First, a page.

Tokyo, May 26 (Jiji Press)–Even after Monday’s full lifting of a coronavirus state of emergency in Japan, companies plan to keep work-from-home and other social-distancing measures in place amid fears about possible second and third waves of infection.
“Although the state of emergency was lifted for the entire country, including Tokyo, we’ll not end work-from-home practices all at once,” said Jun Sawada, president and chief executive officer at Nippon Telegraph and Telephone Corp. <9432>.
Hitachi Ltd. <6501> will make work-from-home a norm starting in April next year. It aims to keep some 50 pct of its 33,000 employees in Japan at home on average.
Fujitsu Ltd. <6702> will reduce the number of workers at the workplace by 75 pct for the time being, making work-from-home permanent. “We won’t return to the work style before” the pandemic, Fujitsu President Takahito Tokita said.
Companies that will end work-from-home in stages plan to take thorough measures to prevent infections.
Sharp Corp. <6753> is asking its employees to check their temperature, use disinfectants, wear face masks and avoid closed spaces, crowds and close contact, calling for meetings to be held online as much as possible.
Alternative steps have started being taken at workplaces where work-from-home is difficult.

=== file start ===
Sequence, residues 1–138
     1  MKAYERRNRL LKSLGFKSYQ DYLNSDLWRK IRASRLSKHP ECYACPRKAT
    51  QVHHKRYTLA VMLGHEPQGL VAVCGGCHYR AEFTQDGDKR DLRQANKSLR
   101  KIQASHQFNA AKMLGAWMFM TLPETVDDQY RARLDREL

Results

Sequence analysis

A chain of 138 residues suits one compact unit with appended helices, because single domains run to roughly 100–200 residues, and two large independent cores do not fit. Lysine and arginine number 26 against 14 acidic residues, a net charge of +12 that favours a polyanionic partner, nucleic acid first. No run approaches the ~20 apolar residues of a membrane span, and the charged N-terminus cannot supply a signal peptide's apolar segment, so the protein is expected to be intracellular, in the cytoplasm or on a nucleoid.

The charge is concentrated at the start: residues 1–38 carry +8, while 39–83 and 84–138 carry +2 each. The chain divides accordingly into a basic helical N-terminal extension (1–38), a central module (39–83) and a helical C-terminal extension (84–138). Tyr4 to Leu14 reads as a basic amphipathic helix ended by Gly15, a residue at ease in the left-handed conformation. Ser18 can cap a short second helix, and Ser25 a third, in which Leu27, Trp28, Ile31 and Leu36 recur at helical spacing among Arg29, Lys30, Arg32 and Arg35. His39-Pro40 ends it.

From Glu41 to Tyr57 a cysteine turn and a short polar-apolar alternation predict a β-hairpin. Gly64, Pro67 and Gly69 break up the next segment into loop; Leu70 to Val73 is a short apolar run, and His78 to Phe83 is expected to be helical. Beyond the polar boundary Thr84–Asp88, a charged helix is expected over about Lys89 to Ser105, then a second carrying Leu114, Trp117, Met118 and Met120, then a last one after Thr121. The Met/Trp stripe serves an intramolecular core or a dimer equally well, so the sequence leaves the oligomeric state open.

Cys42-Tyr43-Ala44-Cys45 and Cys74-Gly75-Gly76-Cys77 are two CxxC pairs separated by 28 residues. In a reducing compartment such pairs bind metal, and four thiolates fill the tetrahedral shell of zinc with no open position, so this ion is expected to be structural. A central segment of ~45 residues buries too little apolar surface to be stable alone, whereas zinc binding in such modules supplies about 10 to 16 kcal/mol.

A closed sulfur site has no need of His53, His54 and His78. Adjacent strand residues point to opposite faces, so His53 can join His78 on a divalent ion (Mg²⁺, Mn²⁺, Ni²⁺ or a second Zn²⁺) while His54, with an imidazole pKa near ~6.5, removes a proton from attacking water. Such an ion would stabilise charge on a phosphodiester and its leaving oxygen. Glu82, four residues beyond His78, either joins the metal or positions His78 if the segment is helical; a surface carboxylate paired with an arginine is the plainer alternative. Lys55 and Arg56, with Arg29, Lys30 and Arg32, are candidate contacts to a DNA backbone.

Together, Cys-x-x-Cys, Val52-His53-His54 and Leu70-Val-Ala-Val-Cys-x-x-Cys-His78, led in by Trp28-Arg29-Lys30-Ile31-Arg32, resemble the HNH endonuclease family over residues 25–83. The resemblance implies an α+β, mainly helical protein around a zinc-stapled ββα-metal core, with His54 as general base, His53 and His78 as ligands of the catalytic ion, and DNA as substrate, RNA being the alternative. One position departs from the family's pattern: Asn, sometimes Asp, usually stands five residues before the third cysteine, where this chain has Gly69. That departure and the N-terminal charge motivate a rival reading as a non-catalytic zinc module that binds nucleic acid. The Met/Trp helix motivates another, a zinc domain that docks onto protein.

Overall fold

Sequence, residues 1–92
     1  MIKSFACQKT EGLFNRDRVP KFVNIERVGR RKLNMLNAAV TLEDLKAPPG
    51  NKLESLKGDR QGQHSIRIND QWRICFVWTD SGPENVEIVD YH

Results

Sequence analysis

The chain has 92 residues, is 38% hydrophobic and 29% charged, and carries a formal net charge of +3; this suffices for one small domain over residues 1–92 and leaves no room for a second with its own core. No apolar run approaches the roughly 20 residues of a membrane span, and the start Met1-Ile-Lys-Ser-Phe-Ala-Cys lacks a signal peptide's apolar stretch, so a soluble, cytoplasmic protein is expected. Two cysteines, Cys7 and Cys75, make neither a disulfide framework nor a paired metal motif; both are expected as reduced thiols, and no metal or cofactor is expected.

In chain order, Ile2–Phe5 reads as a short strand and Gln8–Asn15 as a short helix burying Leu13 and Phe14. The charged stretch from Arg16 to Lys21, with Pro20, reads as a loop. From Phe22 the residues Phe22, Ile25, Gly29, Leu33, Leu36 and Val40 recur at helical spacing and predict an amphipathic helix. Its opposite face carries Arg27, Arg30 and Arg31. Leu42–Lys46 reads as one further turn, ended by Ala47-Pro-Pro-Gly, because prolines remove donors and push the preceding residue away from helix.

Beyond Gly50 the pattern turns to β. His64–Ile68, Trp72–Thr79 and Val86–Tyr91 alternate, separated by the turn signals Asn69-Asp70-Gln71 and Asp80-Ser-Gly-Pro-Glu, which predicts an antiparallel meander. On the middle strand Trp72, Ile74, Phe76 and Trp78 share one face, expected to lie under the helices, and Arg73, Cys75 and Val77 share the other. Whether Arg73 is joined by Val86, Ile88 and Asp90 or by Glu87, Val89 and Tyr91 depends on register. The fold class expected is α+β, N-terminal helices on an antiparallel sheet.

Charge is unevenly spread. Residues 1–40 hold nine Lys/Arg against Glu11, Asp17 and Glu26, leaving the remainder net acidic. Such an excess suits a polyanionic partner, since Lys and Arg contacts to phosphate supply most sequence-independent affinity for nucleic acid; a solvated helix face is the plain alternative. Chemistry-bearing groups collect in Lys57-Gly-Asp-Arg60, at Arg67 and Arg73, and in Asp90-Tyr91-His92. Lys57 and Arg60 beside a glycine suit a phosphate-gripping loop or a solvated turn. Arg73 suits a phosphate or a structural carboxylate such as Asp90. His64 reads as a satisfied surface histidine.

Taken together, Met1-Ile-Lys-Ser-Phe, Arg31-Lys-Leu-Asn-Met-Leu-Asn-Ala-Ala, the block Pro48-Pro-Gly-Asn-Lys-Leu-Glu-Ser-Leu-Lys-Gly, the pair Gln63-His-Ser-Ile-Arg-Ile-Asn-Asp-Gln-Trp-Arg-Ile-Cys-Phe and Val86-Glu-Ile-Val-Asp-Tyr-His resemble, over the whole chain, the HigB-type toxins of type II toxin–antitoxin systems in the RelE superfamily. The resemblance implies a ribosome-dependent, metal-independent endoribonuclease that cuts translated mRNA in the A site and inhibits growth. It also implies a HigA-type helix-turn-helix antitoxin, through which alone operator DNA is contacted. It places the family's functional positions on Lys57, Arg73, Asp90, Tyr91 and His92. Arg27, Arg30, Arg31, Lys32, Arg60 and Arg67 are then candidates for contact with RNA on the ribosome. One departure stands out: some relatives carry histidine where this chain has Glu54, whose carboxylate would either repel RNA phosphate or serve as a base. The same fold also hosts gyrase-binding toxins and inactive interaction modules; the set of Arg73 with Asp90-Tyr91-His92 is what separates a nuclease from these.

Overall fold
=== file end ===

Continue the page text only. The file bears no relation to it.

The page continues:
Toshiba Corp. <6502> plans to adopt a four-day workweek at its plants as early as June. While making no changes to monthly work hours by lengthening daily working time, the company aims to curb the daily number of employees at its plants.
The move by Toshiba comes as the Japan Business Federation, or Keidanren, the largest employers’ group in the country, has called on member companies to consider a four-day workweek.
Toyota Motor Corp. <7203> delayed the start of night shifts at its plants by 30 minutes so that workers will have less opportunity to encounter colleagues on a different shift.
Honda Motor Co. <7267> is operating plants by taking measures such as avoiding closed spaces, crowds and close contact, as well as securing distances between workers.
Restaurant operators introduced measures to prevent infection among customers.
Saizeriya Co. <7581> almost halved the number of seats at its restaurants. While resuming in-store dining at its outlets nationwide in stages, McDonald’s Holdings Co. (Japan) <2702> offers only takeout services at late-night hours.
“Companies should change their business models instead of just waiting for a recovery in demand,” Keidanren Chairman Hiroaki Nakanishi told a press conference on Monday, urging businesses to promote reform.